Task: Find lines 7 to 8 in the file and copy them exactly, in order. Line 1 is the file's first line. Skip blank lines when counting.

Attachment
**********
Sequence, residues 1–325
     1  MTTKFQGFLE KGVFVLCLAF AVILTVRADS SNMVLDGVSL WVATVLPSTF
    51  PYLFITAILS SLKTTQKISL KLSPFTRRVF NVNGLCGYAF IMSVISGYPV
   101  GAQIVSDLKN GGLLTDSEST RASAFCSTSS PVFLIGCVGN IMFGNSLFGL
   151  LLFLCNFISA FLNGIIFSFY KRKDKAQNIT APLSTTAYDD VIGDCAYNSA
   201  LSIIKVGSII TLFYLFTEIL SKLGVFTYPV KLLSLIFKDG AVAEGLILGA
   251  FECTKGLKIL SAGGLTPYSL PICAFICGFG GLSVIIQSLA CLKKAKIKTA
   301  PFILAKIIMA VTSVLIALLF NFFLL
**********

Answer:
   251  FECTKGLKIL SAGGLTPYSL PICAFICGFG GLSVIIQSLA CLKKAKIKTA
   301  PFILAKIIMA VTSVLIALLF NFFLL